Miscellaneous Ramblings

Tiger 10.4.4 Update Cripples Pismo's Internal Modem

Charles Moore - 2006.02.13 - Tip Jar

I love my old Pismo PowerBook, and it's been about as trouble free and dependable as one could hope for since I got it used - one year old - in October, 2001.

That is, up until the past month or so.

I had noted that modem performance had been a bit flaky ever since installing OS X 10.4 Tiger last spring. Not throughput, but things like authentication failures and increasing reluctance of the modem to interact with the system software.

Unlike the recent PowerBooks and iBooks, which have software modems (not counting the new MacBook Pro, which has no internal modem at all), the Pismo has the old solid Global Village designed hardware modem that was used in many Macs of the mid to late 90s. We've had several in various PowerBooks, and they've all been very reliable - at least with the Classic Mac OS and with OS X up to version 10.3.9.

However, things seem to have taken a detour with Tiger, and my troubles began in earnest when I upgraded to version 10.4.4 - ironically in hopes that the update might result in better modem performance.

Quite the opposite.

With OS X 10.4.4, the Pismo's modem went from being annoyingly erratic to virtually nonfunctional. I could get it to connect by switching modem scripts in the Network preference pane, say from the Apple V90 script to V34 or vice-versa. I also tried the Mac Modem Magic suite of third-party modem scripts, but with no more success than I had with the standard Apple ones.

It didn't seem to matter which Pismo compatible script I used, as long as it was freshly selected. But after one successful dialup, the authentication failures would resume.

Initially I suspected the modem itself, but one of the great things about a Mac that supports dual-booting is that it enables easy differential diagnosis troubleshooting. To wit, when I booted into OS 9.2.2, the Pismo's modem worked flawlessly. It seemed like the problem was OS X 10.4.x compatibility with the old hardware modem.

I should note that OS X 10.4.4 works perfectly fine with the software modem in my 700 MHz iBook.

For another test, I booted into OS X 10.3.9, a copy of which I have installed on my external FireWire drive. After noting that it wasn't my imagination that that Panther is a smoother, faster cat on the Pismo (presumably due to the latter's puny video support) than Tiger is, I also discovered that the Pismo modem seemed to work perfectly with OS 10.3.

Perhaps the modem drivers in my OS X 10.4 system had become corrupted. That sounded unlikely, but my computer was crippled bybeing unable to connect to the Internet, so I decided reinstall OS X 10.4 from scratch. I used the archive and install option in the 10.4 installer with retention of existing user settings selected.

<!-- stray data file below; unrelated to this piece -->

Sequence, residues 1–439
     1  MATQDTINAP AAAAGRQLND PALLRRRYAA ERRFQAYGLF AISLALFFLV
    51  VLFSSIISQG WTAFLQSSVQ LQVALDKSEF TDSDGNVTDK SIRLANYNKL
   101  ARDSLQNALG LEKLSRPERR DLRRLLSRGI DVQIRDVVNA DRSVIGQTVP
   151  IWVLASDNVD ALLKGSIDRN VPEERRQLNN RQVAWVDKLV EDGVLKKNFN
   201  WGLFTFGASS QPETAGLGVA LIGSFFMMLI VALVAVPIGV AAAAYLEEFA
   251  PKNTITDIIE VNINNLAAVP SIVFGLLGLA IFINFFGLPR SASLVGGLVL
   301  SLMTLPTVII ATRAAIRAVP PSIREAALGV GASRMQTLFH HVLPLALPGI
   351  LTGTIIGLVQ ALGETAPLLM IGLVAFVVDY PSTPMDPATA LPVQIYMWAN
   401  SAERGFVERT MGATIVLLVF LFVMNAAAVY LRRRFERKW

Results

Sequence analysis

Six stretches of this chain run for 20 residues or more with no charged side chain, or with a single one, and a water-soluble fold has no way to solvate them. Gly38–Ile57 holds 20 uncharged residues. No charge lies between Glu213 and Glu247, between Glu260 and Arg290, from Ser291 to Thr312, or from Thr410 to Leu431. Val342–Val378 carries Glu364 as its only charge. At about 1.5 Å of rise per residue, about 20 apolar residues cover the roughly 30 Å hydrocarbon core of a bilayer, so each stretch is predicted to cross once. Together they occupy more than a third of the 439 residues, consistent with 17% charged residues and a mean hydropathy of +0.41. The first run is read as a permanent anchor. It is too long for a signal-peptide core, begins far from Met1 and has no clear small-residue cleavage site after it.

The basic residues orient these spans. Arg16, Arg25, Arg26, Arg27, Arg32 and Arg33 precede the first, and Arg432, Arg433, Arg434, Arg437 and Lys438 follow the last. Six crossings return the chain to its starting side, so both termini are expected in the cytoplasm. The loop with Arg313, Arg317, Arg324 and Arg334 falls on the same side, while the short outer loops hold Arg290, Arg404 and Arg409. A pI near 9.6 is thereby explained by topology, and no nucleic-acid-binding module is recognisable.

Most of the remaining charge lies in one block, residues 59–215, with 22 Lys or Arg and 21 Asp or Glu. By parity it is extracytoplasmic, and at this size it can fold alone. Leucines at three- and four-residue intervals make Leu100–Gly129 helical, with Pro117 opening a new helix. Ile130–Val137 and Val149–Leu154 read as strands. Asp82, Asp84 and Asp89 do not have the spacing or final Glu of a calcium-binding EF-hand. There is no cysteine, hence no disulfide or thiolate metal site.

With my initial reinstall of OS X 10.4.0 and the 10.4.1 upgdate, the modem was functional again - still not as reliable as with Classic or OS X 10.3, but usable. Maybe it had been a corrupted modem driver.

I then optimistically ran the 10.4.3 combo updater, followed by the OS 10.4.4 Delta updater. Same result as originally - only worse. Now the modem wouldn't work at all.

Back to the installer DVD to reinstall Tiger once again. This time I stopped at 10.4.0, with which the modem was restored to functionality. What appeared to be manifesting was some sort of incompatibility between the later updated versions of Tiger.

Perhaps time is finally catching up with the old Pismo. This issue would not be terribly problematic for users who have a broadband or wireless Internet hookup, but dialup is all that's available where I live. It would be interesting to see how Apple's new external USB modem might work, but I wasn't about to spend C$60 to check that out.

I ran with OS X 10.4.0 for production work for several days, during which the modem worked almost flawlessly, never failing to connect, albeit with one hanging disconnect when the connection got dropped (my ISP's fault) requiring an unwanted restart. I think I recall that hanging disconnects were one of the issues addressed by the OS 10.4.1 update, and in any case, I don't like being stuck with a version .0 system.

I decided to roll the dice and run the 10.4.1 update, which had proved pretty reliable for me on this machine over the summer, but when I went to mount the update installer, the .pkg file wouldn't open. Nor would several other .pkg installer files I tried.

The plot had thickened. Wearily, I dug out the OS 10.4 installer DVD yet again.

At this writing I have successfully updated my OS X 10.4.0 install, which seems to have fixed the .pkg file mounting problem (whatever that was) and run the 10.4.1 updater. The modem is working properly, and I will stick with this system version for at least a couple of weeks to see how things unfold.

I wish I could say that I've learned something useful from all this, but I'm not much more enlightened that I was at the beginning. My tech-savvy daughter tells me she thinks there's a way to reset the modem with Unix commands in the Terminal, but she wasn't quite sure what they would be.

If anyone out there has light to shed of this issue, I would be delighted to hear from you.

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Charles Moore has been a freelance journalist since 1987 and began writing for Mac websites in May 1998. His The Road Warrior column was a regular feature on MacOpinion, he is news editor at Applelinks.com and a columnist at MacPrices.net. If you find his articles helpful, please consider making a donation to his tip jar.

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